“Usually you’re teaching the kids how to share, but because of COVID, everyone’s going to have their own items,” Carreon said.
Instead of six packs of crayons, a classroom now needs 24. Ditto math manipulatives, safety scissors and even computers. And while a lot of personal protective equipment and other big-ticket items will come from the district, many smaller materials will fall on teachers and families to provide. The local wish lists I saw included requests for iPad covers, mobile sanitation carts, and musicians’ masks for students in band. I also saw requests for individual dry erase boards, rubber gloves, hanging book bags, and in one case, a mini fridge.
In short, everything but the kitchen sink is going “back to school” this year.
Which brings me back to the backpack. If kids need so much extra stuff to stay safe, does that mean they’ll also need to schlep it? And if so, how? It’s a silly thing to fixate on, but it’s the only part of kindergarten I can see or touch right now. It’s also one of the very few things I can do as a mother to prepare for an experience that feels both inevitable and deeply uncertain.
Or as Flores-Marcial put it: “It’s just so heavy. This [experience] is so, so heavy … because it’s just entirely unknown.”
To mask or not to mask — yes, it’s a question
—There are, of course, parents whose preferred back-to-school gear would NOT include masks. A lot of them live in Orange County, where the county board of education sued Gov. Gavin Newsom last week for mandating masks in classrooms. “It doesn’t matter what a school district wants — it matters what parents want,” board member Ken Williams said. The Times’ Colleen Shalby looked into the dispute.
—Notably, the pushback on masks is coming more from parents than students. That’s because a lot of students are used to wearing masks by now and aren’t that bothered by them, my colleague Melissa Gomez found.
—The headline on Monday’s article by my colleague Howard Blume pretty much says it all: “Delta variant is sucking the joy out of back-to-school 2021.”
—Still, the news isn’t all terrible. Summer school provided a pretty good test to see how risky in-person school will be. And all things considered, it wasn’t that bad, Blume reports.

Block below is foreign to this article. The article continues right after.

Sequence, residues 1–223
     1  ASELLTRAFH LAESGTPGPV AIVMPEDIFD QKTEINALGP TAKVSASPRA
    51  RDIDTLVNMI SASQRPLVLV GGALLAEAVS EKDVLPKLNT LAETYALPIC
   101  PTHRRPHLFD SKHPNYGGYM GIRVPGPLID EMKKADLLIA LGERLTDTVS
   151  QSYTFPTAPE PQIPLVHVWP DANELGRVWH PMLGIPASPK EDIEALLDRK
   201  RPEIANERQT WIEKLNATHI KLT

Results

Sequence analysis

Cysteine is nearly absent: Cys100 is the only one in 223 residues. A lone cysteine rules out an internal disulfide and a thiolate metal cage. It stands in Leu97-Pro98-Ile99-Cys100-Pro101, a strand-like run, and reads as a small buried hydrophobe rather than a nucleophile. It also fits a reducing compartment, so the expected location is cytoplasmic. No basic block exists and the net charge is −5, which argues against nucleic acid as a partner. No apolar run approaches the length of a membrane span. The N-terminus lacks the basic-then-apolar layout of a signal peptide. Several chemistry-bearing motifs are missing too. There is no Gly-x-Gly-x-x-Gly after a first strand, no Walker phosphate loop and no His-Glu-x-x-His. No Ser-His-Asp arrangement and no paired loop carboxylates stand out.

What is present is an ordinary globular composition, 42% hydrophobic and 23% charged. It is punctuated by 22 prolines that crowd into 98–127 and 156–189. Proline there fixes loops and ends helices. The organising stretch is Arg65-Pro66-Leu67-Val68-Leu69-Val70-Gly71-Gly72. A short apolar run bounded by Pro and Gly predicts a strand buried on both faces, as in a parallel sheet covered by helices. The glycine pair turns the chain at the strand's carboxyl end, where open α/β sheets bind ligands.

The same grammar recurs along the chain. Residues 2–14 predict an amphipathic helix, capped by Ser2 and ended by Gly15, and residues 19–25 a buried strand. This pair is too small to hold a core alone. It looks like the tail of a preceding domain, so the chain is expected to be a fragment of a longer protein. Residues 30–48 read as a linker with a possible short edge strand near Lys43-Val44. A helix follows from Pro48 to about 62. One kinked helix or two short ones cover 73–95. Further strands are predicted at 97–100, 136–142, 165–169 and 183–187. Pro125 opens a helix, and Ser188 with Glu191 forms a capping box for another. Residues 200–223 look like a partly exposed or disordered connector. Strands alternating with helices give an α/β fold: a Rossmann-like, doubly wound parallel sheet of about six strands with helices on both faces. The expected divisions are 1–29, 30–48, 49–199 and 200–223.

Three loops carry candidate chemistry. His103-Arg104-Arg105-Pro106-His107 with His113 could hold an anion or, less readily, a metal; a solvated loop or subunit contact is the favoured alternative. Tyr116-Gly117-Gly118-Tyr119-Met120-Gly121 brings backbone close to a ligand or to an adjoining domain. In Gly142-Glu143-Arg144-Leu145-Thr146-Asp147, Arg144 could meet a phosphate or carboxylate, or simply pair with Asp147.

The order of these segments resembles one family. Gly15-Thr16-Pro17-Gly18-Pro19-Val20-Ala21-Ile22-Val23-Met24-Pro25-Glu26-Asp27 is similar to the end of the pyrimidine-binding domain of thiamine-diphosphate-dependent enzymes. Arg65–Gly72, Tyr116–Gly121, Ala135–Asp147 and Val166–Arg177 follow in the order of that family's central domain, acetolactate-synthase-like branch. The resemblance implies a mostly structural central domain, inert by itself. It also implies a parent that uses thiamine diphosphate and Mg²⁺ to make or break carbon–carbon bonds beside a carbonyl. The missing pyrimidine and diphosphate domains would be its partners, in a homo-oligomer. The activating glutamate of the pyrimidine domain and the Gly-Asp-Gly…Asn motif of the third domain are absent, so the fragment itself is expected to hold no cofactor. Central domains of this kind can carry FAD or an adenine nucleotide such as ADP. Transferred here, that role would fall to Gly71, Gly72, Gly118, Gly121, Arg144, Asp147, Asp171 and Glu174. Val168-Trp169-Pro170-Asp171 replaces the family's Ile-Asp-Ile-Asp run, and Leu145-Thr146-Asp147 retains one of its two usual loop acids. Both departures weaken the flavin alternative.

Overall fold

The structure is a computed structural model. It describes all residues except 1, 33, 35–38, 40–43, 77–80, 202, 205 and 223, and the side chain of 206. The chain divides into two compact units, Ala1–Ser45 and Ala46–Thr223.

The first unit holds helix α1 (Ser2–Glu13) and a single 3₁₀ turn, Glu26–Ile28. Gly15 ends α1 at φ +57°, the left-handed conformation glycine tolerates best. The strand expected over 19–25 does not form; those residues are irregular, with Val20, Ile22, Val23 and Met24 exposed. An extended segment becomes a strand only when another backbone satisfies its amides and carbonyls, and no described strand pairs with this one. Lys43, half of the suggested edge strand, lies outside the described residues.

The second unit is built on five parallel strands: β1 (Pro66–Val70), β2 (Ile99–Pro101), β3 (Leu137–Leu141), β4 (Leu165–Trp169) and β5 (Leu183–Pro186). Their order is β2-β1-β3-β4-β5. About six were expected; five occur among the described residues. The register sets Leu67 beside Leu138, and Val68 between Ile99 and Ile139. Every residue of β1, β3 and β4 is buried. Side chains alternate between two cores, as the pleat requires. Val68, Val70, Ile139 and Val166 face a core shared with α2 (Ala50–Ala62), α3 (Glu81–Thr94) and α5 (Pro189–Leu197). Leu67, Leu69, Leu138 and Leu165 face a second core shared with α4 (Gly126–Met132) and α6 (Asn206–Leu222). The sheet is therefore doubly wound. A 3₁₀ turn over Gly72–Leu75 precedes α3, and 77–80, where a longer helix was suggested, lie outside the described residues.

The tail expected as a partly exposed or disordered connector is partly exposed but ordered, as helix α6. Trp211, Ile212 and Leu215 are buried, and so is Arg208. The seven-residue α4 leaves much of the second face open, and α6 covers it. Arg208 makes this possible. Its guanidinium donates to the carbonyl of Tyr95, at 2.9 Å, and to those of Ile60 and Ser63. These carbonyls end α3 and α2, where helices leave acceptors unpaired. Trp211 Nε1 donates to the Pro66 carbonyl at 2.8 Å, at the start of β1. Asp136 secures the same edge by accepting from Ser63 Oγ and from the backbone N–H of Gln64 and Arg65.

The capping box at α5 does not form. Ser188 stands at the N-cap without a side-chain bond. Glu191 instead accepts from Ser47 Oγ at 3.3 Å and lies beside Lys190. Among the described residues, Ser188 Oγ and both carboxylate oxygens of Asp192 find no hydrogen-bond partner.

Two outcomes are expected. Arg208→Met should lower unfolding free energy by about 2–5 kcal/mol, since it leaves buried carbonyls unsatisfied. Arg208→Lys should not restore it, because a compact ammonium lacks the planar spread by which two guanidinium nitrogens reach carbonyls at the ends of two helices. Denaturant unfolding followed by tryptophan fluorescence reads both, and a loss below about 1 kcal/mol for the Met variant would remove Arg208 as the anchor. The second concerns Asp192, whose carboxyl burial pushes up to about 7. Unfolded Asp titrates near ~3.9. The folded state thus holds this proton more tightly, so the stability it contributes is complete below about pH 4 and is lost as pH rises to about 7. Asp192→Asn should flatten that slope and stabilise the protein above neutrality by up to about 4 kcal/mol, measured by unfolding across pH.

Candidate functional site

—Alert: If you’re the parent of a California public school student who wants to change their grades from A-F to pass-fail, the deadline is Aug. 17. The Legislature set a 15-day period starting Aug. 2 for the changes, which are being allowed because of the difficulties students have faced during the pandemic.
Of toy soldiers, school names and more ...
—If your child plays with toy soldiers, there’s a pretty good chance that child is a boy. We could talk forever about why that is, but one reason is obvious: Toy companies tend to make G.I. Joe, not G.I. JoAnn. That bothered a San Diego Navy veteran, JoAnn Ortloff, so she launched a campaign to get manufacturers to make toy female soldiers. It wasn’t easy, but she ultimately prevailed, which is good news for girls like 6-year-old Vivian Lord of Arkansas, who asked toymakers: “Why do you not make girl Army men? ... I would play with them every day and my friends would to(o).” San Diego Union-Tribune.
—One thing we’ve learned in the past year: Yesterday’s heroes can become today’s pariahs. But the mayor of San Jose isn’t worried about the brand new Dolores Huerta Middle School, named after the famed labor leader. “Who we identify as our heroes says a lot about who we are as a community,” Sam Liccardo said. “I’m pretty confident that Dolores Huerta is going to stand the test of time.” San Jose Mercury News.
—There’s one teacher who won’t be working at Dolores Huerta — or anywhere else. After seven years teaching history and English in the San Francisco school system, Ellen Lathrop is calling it quits. Her essay explaining her decision makes for uncomfortable reading about the challenges facing our schools in an era of “rampant inequality.” San Francisco Chronicle.
—The COVID-19 pandemic, exacerbated by the Delta variant, could lead to a surge in applications for independent study in California schools. EdSource.